The annual meeting of the Asian Infrastructure Investment Bank (AIIB) was held on the South Korean resort island of Jeju over the weekend. The event had the theme 'Sustainable Infrastructure.'
This was the bank's first board of governors meeting outside of China, after the inaugural meeting in Beijing last summer.
The goal of the AIIB is to lead infrastructure development projects across Asia. In particular, it says it will prioritize investments that provide clean, safe, and reliable energy for millions of people under international standards.
"The bank has an important role to play as a facilitator and supporter of the Paris Agreement, and thus we place great emphasis on helping our members transition towards a low-carbon future. Furthermore, there are no coal projects in our pipeline, and we will not consider any proposals if we are concerned about their environmental and reputational impact," said AIIB President Jin Liqun.
Host nation South Korea is the fifth-largest shareholder in the AIIB. The country is also a model for infrastructure development after building its economy into Asia's fourth largest from the ashes of war.
South Korean President Moon Jae-in said, "In order to deal with the approaching fourth Industrial Revolution, new ICT infrastructure must be built, such as improved wireless Internet network accessibility, Internet of Things, and smart highways. Only then will Asia be able to sustain larger growth."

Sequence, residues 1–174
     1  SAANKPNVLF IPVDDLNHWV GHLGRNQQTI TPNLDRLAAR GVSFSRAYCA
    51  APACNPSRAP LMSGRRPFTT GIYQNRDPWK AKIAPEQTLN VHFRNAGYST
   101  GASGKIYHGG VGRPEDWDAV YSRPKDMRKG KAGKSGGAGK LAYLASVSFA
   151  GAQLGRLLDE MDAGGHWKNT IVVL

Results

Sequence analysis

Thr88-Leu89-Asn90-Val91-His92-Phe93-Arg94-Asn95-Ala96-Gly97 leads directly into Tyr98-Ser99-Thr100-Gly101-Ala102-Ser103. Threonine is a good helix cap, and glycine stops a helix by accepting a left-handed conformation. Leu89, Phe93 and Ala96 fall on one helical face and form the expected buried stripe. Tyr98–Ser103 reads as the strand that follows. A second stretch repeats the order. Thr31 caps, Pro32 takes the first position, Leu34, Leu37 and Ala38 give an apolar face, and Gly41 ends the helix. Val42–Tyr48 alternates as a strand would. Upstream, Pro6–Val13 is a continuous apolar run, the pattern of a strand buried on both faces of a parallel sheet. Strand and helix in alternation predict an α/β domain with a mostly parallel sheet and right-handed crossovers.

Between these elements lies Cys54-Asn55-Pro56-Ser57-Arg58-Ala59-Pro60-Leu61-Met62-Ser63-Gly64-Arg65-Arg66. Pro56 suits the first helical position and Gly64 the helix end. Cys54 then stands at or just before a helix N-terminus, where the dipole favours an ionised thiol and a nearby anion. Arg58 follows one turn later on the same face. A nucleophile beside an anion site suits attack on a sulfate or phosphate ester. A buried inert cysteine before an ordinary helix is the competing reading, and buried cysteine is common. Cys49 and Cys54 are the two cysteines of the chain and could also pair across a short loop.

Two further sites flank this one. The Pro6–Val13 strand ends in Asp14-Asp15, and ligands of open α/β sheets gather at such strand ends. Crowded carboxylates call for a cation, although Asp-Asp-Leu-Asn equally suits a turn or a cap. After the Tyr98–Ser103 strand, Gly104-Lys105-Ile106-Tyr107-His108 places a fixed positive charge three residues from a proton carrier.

Compared to other multilateral development banks like the World Bank and the Asian Development Bank, the AIIB is still in its infancy. But many believe the bank has great potential, with some estimates showing a 26-trillion-U.S. dollar-infrastructure gap in Asia through the year 2030.
"Ultimately, the AIIB can only be appreciated by what it does on the ground. We can only be convincing by being transparent and willing to listen. And by being an effective and efficient organization that is driving tangible and positive outcomes for our clients," said Jin.
The organization now has 80 members after its governors approved the additions of Argentina, Madagascar, and Tonga at the weekend. But more important than the size of the bank or the quantity of its investments, AIIB President Jin says what matters most is the overall integration of infrastructure development which will ultimately drive economic and social development across Asia and beyond.